Besides, an attempt to approach music on the level of language is doomed to failure before it even begins, since it develops a “fiction” of music. Very often, talking about music leads to extremely complex texts which few people can even read and which entail no greater profit. And believing that one has expressed anything in words is nothing other than self-deception of perhaps a cry for help from someone who, in fact, has no grasp of music.

I do not wish to take that path. I do not proceed on the assumption that listeners can only perceive a work when they have acquired information about it. No – listeners need not know anything! They need only be inwardly open to the sound, to the unknown, to something which they can perhaps capture with the help of conventional notions. They must also be unafraid if something confronts them which destabilises their ideological principles or makes them feel uncomfortable; they must decisively plunge into the world of sound.

Vykintas Baltakas

Translation: Grant Chorley, 2013

Special prints

Poussla

Vykintas Baltakas: Poussla

full score
for ensemble and orchestra , 20’
Instr.: orch.: 2 2 3 3 - 4 2 2 1 - perc(3), vln(16), vla(10), vc(10), cb(10); ens.: ob, clar(Eb), s.sax(Bb), vln-solo, acc, pno, tb.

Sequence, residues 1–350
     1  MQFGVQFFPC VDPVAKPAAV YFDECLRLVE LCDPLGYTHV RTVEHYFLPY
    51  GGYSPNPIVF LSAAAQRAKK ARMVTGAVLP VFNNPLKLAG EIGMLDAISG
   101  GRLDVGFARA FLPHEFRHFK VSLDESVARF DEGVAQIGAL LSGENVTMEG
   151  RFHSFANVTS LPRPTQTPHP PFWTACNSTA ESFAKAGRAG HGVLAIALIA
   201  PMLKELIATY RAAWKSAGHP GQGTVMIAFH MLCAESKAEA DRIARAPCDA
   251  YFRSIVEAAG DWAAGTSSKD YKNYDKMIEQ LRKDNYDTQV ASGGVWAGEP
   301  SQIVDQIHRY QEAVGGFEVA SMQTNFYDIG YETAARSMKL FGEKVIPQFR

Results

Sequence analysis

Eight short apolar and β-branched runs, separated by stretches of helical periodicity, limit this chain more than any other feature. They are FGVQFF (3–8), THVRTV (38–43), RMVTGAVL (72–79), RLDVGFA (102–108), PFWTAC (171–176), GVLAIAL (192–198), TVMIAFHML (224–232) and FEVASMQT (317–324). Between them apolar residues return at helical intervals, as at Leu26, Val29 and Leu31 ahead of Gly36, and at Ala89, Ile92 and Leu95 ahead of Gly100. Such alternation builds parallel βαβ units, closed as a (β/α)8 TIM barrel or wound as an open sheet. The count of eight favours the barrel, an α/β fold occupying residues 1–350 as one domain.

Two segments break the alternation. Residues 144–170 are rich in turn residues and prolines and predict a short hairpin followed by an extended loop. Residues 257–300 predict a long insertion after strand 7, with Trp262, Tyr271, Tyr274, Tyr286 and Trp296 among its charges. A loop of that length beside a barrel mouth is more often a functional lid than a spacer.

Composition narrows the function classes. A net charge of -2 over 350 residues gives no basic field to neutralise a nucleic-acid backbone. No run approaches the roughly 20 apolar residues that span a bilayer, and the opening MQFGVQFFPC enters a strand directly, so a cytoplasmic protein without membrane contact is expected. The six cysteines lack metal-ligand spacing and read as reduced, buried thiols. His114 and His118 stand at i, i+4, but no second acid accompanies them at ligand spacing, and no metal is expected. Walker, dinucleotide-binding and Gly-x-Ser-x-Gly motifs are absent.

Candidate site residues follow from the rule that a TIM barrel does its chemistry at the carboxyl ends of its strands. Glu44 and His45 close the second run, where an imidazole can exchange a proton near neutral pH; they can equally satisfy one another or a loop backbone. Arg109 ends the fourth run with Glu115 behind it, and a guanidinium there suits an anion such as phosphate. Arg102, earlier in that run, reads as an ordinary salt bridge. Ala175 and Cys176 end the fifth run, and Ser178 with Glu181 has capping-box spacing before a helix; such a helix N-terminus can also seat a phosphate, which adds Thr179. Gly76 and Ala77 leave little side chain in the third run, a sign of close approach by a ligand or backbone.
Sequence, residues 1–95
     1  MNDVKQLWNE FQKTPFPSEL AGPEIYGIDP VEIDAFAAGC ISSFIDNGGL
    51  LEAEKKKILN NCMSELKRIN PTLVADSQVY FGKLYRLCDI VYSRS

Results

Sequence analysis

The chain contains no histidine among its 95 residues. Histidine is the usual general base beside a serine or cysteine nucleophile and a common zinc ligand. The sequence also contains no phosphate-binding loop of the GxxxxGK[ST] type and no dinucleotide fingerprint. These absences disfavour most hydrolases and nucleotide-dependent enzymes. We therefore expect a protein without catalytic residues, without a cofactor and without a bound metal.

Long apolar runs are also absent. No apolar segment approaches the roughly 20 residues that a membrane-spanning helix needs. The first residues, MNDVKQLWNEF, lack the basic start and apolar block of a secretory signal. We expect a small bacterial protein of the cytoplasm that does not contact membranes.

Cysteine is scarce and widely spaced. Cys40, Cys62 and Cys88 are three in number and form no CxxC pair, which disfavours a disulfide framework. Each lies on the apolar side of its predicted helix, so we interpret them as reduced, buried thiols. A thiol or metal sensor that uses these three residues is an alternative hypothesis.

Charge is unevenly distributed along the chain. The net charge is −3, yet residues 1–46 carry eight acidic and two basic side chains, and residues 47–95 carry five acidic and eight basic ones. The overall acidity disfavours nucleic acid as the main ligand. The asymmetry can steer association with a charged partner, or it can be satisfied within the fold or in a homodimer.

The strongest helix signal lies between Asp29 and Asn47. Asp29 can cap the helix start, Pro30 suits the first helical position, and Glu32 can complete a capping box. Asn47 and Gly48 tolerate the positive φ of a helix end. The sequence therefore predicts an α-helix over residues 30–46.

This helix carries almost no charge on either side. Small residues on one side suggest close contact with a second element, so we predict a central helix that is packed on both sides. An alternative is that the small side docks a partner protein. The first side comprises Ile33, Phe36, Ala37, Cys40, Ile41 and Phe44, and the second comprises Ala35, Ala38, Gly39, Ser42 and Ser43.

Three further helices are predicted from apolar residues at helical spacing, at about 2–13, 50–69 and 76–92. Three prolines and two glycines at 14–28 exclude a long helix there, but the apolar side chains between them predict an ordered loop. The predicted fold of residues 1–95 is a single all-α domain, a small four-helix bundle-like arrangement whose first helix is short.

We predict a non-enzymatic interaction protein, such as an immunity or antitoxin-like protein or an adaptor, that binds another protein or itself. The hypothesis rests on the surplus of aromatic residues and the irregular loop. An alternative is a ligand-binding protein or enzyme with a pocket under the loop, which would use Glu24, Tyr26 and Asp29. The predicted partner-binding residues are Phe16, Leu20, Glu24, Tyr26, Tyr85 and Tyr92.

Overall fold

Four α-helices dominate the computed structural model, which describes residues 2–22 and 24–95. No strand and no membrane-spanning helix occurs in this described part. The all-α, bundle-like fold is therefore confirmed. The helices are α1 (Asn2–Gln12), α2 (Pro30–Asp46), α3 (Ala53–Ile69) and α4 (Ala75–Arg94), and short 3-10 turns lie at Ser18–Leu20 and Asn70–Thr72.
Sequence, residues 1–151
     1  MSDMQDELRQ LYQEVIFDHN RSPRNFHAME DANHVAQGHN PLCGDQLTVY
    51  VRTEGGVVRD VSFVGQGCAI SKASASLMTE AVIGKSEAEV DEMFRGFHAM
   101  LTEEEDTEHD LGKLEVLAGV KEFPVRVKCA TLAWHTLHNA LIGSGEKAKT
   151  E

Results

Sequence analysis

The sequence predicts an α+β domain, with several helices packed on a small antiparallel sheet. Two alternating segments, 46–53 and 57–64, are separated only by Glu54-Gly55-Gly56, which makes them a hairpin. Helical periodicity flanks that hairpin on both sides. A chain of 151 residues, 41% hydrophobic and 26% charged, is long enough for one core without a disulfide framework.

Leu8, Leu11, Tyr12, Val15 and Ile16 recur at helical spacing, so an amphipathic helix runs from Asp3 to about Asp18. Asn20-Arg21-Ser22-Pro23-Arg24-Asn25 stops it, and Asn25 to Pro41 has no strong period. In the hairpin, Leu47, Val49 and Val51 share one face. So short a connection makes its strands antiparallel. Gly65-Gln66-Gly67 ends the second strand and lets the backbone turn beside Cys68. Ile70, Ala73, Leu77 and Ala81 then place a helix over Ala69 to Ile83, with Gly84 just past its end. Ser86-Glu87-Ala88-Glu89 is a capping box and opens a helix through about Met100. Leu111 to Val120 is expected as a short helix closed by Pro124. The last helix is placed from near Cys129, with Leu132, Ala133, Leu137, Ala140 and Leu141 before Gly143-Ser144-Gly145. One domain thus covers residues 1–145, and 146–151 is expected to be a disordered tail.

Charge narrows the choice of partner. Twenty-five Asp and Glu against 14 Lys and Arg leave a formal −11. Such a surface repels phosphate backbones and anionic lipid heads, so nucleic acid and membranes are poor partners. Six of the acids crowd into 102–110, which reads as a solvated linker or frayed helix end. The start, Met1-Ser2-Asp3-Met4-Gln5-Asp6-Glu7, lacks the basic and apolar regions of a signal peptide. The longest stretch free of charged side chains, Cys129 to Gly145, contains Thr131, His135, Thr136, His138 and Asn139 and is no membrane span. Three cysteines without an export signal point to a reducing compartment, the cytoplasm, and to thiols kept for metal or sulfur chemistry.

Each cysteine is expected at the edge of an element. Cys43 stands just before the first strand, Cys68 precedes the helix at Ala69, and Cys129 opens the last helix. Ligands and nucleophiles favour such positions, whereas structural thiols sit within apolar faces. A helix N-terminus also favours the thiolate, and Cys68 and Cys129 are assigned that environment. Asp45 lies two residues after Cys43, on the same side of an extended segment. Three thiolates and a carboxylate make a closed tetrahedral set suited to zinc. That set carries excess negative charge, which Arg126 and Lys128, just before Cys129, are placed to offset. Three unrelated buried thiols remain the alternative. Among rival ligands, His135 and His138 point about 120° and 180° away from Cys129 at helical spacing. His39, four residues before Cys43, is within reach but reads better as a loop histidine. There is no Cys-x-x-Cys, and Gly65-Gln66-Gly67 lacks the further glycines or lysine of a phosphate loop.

Poussla

Vykintas Baltakas: Poussla

study score
for ensemble and orchestra , 20’
Instr.: orch.: 2 2 3 3 - 4 2 2 1 - perc(3), vln(16), vla(10), vc(10), cb(10); ens.: ob, clar(Eb), s.sax(Bb), vln-solo, acc, pno, tb.

World première

Location:
Berlin
Date:
25.03.2006
Orchestra:
SWR-SO Baden-Baden und Freiburg
Conductor:
Sylvain Cambreling

Press reviews

“From the loud, sharp blast of an opening to the great slabs of sound tilting this way and that, from the lovely little plinks and plonks of the solo piano to the really ripping timpani work, Vykintas Baltakas’ Poussla was a real orchestral attention-grabber, one of several orchestral pieces that were quite surprisingly satisfying–surprising to me, anyway, who in the 1980s had rather gotten out of the habit of attending orchestra concerts in the US.”

(Michael E. Karman, Asymmetry Music Magazine, on the 2008 ISCM World Music Days)